A morning urine test is best in detecting declining kidney performance in patients with diabetic kidney disease, according to a new study.
Patients suffering from this disorder often excrete excess protein in the urine, a condition called proteinuria.
Dr. Hiddo Lambers Heerspink, PharmD, (University Medical Center Groningen, in the Netherlands) and his colleagues assessed and compared the ability of various proteinuria measures, including proteinuria versus albuminuria and 24-hours versus early morning sampling, to predict worsening kidney problems.
Albuminuria, a large component of proteinuria, is more specific than total proteinuria and is defined as an excess amount of albumin in the urine.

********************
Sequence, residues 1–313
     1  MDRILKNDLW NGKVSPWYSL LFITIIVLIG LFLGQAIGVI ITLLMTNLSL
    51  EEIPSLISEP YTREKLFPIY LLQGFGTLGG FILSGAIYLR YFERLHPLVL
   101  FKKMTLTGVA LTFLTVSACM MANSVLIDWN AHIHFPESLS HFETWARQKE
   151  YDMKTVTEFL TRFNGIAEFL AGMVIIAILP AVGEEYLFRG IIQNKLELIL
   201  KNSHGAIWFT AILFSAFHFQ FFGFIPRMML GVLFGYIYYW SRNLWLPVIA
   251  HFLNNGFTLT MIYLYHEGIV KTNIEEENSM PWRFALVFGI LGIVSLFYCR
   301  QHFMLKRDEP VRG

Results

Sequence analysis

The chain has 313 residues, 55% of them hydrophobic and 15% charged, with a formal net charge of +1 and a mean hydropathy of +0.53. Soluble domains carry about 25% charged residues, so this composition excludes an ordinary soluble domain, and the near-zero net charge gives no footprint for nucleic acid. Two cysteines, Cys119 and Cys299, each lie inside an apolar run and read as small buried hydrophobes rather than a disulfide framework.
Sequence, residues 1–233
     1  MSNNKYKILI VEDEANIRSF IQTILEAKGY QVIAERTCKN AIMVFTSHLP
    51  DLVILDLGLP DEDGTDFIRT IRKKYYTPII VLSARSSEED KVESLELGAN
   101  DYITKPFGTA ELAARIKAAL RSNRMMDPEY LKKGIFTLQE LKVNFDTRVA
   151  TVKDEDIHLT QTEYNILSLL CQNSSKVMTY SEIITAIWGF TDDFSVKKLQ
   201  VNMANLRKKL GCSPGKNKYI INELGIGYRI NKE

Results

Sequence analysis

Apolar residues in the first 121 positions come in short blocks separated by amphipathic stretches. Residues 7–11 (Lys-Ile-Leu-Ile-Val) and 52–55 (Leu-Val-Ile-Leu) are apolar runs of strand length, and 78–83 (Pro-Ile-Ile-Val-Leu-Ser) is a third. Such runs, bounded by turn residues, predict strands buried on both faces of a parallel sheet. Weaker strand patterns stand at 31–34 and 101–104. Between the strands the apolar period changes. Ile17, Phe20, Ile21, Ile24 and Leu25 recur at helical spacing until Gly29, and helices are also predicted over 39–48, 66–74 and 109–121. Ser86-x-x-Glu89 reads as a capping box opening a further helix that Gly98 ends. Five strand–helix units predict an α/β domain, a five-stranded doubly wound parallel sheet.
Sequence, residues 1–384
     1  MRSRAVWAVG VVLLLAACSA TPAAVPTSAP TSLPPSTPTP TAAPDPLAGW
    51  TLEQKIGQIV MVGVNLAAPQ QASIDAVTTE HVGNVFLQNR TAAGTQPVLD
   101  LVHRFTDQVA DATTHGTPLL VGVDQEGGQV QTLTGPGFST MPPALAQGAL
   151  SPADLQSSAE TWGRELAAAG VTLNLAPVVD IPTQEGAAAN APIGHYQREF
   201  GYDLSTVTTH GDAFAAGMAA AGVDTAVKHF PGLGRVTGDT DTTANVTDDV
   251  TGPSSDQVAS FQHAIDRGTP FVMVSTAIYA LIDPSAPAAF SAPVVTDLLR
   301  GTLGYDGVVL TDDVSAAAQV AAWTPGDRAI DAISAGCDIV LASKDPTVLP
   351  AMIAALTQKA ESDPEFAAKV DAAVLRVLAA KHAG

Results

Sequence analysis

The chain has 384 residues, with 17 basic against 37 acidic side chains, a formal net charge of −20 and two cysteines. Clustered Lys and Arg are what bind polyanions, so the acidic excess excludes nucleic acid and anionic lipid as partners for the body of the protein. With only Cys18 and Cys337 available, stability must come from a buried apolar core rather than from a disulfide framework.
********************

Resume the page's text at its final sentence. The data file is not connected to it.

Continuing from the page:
Amongst the samples – urinary protein from a 24-hour urine collection, urinary albumin from 24-hour and morning sample collection – the team found that measuring the albumin:creatinine ratio in a first morning urine sample was the superior method to predict kidney problems in patients with type 2 diabetes and kidney disease.
The authors noted that standardizing proteinuria measures would improve methods for detecting and monitoring kidney disease.
The study appears in an upcoming issue of the Journal of the American Society Nephrology (JASN).